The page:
Eli Afram – Bitcoin Association Ambassador Profile: Australia

By Alex Speirs Published: October 16, 2020

As Chief Technology Officer of blockchain development firm Layer2 Technologies, as well as a Bitcoin Association Ambassador for Australia, Eli Afram knows his fair share about Bitcoin. A long-serving member of the Bitcoin community, Afram has a clear vision for how the technology should shape the future – a vision he’s dedicating himself to helping achieve.

‘It all started for me when my father brought home a Commodore 64 computer when I was about seven years old. I wrote my first computer program not long after and I’ve been obsessed with programming and computers ever since,’ explains Afram.

‘I fell into the Bitcoin circle and started writing a lot around 2015-16 about scaling Bitcoin, because I saw the urgent need for Bitcoin scale, and that amassed a bit of a following.’

Afram’s writings eventually got him connected with Dr Craig Wright, presenting Afram the opportunity to work alongside him and write coverage of Wright’s research and activities. And before he knew it, Afram was in the thick of the Bitcoin SV movement.

‘I listened with a blank canvas, very quickly realising that [Dr. Wright] was the real deal: not just because of what he said, but because of his passion and willingness to see Bitcoin succeed like no other person.’

Today, Afram is the CTO of a group of companies operating under the Layer2 Technologies banner, all aligned on developing businesses and ideas for the Bitcoin SV ecosystem, with tokenisation at the tip of the tongue.

‘The idea is to to help other companies tokenise products. The first one we’re looking at doing is gold, because there’s existing demand for that. We’ve already spoken to a number of vaults and mints and banks that are interested in tokenisation.’

Afram uses gold as an example, but emphasises that there are many other asset classes which lend themselves well to tokenisation, though he is quick to point out that tokenisation itself is not a new concept.

‘Tokens are used every day in the in in the real world, whether people realise it or not,’ he explains.

‘Every time people buy gold, they’re not actually buying physical gold; they’re buying a certificate that represents that gold. That certificate is the token representing that gold. Today, it might be on a piece of paper. Tomorrow, it might be a digital certificate represented as tokens on the blockchain.’

Bitcoin SV is the only blockchain with the ability to efficiently and effectively tokenise assets, offering the fast settlement times, low transaction fees and unlimited data capacity required. Already, a number of different ventures have emerged seeking to bring a tokenised future to the Bitcoin SV ecosystem, with some prominent examples already beginning to rise to the fore.

‘I’m such a fan of the Tokenized platform and protocol envisioned by James Belding, currently being developed by his team,’ Afram says.

‘I remember when he first approached me with the idea, and my eyes shot open: he understood what tokens were, and he wasn’t marred by what had happened in the ICO craze, where assets that were not backed against anything were issued, pumped, scammed, sold, dumped.’

The negative applications of blockchain technology – such as with the ICO craze – and the associated poor reputation that still permeates in many circles as a result, is exactly what Afram is trying to address with Layer2 Technologies, all of which are centred on an approach rooted firmly in maximising utility.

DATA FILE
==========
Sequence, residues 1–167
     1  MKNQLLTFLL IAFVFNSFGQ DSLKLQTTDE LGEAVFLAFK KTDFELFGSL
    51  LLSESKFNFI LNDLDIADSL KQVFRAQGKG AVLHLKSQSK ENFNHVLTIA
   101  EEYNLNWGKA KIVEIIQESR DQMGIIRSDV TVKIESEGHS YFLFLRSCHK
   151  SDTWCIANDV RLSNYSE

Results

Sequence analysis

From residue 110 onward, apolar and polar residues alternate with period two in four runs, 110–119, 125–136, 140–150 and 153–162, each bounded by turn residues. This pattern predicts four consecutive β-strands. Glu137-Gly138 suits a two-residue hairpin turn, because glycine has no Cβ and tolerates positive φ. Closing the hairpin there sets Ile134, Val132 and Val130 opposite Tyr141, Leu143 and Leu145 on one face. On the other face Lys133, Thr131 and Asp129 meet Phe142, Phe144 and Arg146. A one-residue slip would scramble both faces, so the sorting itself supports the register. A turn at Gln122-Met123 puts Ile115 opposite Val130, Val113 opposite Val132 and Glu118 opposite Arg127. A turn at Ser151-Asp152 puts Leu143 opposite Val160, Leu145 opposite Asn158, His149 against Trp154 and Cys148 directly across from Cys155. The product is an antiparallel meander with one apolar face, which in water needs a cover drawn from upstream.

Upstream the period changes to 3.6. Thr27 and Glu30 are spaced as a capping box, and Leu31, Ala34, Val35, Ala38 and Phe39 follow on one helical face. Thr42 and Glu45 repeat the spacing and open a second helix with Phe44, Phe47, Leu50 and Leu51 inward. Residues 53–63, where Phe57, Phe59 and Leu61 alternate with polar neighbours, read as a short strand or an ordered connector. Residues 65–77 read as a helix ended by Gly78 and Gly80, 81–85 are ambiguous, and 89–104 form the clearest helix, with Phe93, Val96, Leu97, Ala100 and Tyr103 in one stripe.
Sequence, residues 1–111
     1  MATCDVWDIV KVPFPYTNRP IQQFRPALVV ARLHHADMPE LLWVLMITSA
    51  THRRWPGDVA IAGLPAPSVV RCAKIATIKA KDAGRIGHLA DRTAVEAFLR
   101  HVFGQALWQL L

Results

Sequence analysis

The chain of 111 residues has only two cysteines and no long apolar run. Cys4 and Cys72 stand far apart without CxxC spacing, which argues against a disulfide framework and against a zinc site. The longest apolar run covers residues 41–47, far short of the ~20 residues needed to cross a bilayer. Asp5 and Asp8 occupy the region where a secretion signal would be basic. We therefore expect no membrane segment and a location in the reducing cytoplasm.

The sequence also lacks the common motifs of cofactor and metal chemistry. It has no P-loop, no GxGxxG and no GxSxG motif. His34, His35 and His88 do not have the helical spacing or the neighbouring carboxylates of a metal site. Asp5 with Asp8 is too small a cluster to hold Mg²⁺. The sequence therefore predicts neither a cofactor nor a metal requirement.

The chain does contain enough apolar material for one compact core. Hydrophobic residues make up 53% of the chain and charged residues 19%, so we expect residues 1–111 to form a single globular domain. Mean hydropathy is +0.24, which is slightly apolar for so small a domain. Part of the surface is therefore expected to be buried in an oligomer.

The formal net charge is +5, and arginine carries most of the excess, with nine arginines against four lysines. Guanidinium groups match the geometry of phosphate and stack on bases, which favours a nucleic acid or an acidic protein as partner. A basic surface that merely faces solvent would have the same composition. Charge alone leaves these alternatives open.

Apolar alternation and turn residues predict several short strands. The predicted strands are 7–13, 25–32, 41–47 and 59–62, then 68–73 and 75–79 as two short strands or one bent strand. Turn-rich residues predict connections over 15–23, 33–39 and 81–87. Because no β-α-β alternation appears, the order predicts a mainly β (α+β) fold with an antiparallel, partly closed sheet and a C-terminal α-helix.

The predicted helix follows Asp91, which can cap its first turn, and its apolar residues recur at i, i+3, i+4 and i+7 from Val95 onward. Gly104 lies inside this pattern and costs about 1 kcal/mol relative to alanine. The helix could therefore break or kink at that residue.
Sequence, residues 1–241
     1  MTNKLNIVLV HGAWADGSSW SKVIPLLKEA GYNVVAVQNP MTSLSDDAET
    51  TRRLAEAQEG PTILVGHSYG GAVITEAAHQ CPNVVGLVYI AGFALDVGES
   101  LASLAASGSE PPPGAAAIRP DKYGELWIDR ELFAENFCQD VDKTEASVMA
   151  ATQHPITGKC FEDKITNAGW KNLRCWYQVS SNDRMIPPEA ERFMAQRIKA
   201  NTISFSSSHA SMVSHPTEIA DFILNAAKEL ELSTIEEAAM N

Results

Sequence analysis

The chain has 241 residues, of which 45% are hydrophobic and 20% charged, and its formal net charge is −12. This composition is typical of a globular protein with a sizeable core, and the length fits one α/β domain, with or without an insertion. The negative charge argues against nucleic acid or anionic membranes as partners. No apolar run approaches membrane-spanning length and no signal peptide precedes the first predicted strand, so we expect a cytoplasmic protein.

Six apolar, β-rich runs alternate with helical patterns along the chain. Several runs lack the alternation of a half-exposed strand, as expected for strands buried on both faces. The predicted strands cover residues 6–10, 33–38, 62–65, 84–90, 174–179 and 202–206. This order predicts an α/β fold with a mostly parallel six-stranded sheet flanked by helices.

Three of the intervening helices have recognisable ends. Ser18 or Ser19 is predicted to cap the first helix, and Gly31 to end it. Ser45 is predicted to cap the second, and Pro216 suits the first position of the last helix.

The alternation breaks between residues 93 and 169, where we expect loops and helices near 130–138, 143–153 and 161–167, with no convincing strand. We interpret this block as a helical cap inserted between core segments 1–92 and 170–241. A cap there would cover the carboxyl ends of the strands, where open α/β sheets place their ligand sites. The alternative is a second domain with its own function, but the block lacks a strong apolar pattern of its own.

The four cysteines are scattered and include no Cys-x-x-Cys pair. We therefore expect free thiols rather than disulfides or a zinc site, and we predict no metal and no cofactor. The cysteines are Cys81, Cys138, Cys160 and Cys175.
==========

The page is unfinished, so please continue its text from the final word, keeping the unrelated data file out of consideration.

‘Everything that is in the real world can operate more efficiently on the blockchain. That’s just what we have to focus on doing. Maybe it even means that we need to start departing from certain terminology that we use,’ says Afram.

‘When we start explaining things in real-world terms, it becomes a lot easier for businesses and for ecosystem partners and teams to digest and understand what this technology can do.’

In both his capacity as CTO at Layer2 Technology and a Bitcoin Association Ambassador, Afram works to educate leaders in the business community about the potential of blockchain technology and the business-friendly ecosystem that has emerged with Bitcoin SV.

‘BSV is very business focused and very business-oriented. We want businesses to build on-chain. It’s businesses that are going to drive the value in, and once businesses adopt, so will people, because people and businesses work together,’ Afram explains.

‘What we need is for more transactions to happen on-chain. The more we can bring on, the better.  I think developers need to build as many middle layer technologies as possible; I like to call these people enablers because they are developers who create products that enable other developers.

‘As long as we keep doing this – and we are doing it – then other developers will develop. Build it, and they will come. It’s not entirely 100% accurate but there’s a bit of truth to that: if you make it easy for people, they will come.’

As a Bitcoin Association Ambassador to Australia, Afram has a close eye on how the local community is growing, as well as what is needed for it to continue to do so.

A lot of the talent that’s coming out in terms of BSV is coming from Australia. I’m proud of that. I’m proud of the fact that Satoshi Nakamoto is Australian, despite having a Japanese name,’ he says.

‘At the same time, I really feel we do still have a way to go in order to win over big businesses and corporations – these are the places we really need to keep addressing and investing our time in so that they understand what can be achieved with Bitcoin SV.’